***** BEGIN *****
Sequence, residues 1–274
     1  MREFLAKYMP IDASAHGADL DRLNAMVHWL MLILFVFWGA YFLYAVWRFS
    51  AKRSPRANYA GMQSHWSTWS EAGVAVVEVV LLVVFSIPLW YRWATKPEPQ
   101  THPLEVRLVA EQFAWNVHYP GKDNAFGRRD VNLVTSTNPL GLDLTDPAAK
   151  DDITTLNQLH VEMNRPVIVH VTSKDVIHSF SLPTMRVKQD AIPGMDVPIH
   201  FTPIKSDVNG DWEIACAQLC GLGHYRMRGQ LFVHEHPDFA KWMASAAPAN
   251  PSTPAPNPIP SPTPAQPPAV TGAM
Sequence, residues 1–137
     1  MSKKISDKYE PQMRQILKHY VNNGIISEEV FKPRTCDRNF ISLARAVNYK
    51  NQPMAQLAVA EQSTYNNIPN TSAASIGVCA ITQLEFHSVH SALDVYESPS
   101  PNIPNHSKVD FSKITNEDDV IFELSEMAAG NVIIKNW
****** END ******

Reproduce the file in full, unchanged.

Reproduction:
Sequence, residues 1–274
     1  MREFLAKYMP IDASAHGADL DRLNAMVHWL MLILFVFWGA YFLYAVWRFS
    51  AKRSPRANYA GMQSHWSTWS EAGVAVVEVV LLVVFSIPLW YRWATKPEPQ
   101  THPLEVRLVA EQFAWNVHYP GKDNAFGRRD VNLVTSTNPL GLDLTDPAAK
   151  DDITTLNQLH VEMNRPVIVH VTSKDVIHSF SLPTMRVKQD AIPGMDVPIH
   201  FTPIKSDVNG DWEIACAQLC GLGHYRMRGQ LFVHEHPDFA KWMASAAPAN
   251  PSTPAPNPIP SPTPAQPPAV TGAM
Sequence, residues 1–137
     1  MSKKISDKYE PQMRQILKHY VNNGIISEEV FKPRTCDRNF ISLARAVNYK
    51  NQPMAQLAVA EQSTYNNIPN TSAASIGVCA ITQLEFHSVH SALDVYESPS
   101  PNIPNHSKVD FSKITNEDDV IFELSEMAAG NVIIKNW